Women's Rights Movement Essay

The Women’s Rights movement began in 1848 and throughout the years has made a difference in the lives of women in the U.S. The fight for women to be complete equals to men is still going on, but the efforts of the women of the late 1840s has helped change the status of women in several ways. Before the movement began American women were not allowed to vote, had very few rights in regards to owning property and their own earning, they couldn’t take custody of their children if they were to get a divorce, and few professions and colleges were available to women. They were essentially second class citizens. Even when they wanted to help and support a reform movement, they were held back from fully participating. During the abolition movement, …show more content…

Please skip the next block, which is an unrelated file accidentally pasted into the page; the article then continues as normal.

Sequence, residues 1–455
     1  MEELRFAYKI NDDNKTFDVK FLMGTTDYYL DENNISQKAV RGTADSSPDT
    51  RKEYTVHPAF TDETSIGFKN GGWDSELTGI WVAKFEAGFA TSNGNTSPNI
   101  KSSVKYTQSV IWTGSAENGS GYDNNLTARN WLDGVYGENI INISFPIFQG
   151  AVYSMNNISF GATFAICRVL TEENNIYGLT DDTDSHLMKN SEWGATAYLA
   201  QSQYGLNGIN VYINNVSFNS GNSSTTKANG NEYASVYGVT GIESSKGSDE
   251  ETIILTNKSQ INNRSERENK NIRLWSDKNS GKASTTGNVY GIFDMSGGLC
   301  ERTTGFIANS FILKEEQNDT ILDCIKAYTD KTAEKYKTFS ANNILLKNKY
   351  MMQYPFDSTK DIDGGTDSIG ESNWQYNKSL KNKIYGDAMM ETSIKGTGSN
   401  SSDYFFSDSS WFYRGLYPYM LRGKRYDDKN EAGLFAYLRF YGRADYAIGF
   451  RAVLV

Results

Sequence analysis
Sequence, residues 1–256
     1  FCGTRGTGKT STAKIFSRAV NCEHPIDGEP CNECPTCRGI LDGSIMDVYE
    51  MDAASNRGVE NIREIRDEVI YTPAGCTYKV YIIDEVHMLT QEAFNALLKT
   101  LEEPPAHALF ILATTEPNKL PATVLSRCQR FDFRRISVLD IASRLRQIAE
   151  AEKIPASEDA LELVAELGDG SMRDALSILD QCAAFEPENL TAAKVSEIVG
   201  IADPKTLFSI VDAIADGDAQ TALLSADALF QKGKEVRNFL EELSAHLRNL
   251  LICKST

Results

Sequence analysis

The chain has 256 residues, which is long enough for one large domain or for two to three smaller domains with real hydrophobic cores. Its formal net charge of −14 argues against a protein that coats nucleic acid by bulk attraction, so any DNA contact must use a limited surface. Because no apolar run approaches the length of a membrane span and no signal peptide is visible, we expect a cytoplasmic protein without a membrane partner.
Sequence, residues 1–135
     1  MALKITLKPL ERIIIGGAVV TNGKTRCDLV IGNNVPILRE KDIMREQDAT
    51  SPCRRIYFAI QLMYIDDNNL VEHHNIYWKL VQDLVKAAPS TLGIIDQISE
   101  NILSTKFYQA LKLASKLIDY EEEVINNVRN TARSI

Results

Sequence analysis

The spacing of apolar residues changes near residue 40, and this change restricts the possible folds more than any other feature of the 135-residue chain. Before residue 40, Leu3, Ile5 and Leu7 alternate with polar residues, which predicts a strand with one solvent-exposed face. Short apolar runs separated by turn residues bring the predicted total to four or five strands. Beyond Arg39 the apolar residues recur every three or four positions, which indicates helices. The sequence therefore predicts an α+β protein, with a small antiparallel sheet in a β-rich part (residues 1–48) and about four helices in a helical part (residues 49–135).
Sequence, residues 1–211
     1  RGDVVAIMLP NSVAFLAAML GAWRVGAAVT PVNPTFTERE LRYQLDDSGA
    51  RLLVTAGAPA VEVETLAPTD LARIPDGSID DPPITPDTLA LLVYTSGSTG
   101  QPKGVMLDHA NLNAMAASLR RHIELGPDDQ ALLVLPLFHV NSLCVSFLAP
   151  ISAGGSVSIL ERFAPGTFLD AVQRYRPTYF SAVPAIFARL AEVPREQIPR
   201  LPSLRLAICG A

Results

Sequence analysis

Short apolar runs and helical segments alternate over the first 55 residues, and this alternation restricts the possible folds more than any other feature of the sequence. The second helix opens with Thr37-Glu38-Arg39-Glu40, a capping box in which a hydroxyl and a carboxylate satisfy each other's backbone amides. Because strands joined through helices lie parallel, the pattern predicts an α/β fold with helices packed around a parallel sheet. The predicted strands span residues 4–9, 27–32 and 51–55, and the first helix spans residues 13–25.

African American women were mostly kept out of the women’s movement at the beginning because the white women wanted to concentrate on the women’s movement and not get the abolition movement involved (Reform Movements: Women 's Rights). Stanton presented the Declaration of Sentiments and Resolutions, which was modeled after the Declaration of Independence. The Declaration discussed the grievances of women against existing laws and customs (Elizabeth Cady Stanton). It stated that “all men and women are created equal and are endowed with inalienable rights, including life liberty, and the pursuit of happiness”. It also expressed 18 charges of “repeated injuries and usurpation on the part of man toward woman”, including unfair laws regarding divorce, inequality in regard to religion, education, and employment, and the denial to vote. As for the 12 resolutions, they called for the repeal of the unfair laws that allowed women to be treated unequally, the acknowledgement that women are equal to men, the right to speak in churches, equal participation in professions, trade, and commerce, and the granting of the right to vote (Seneca Falls

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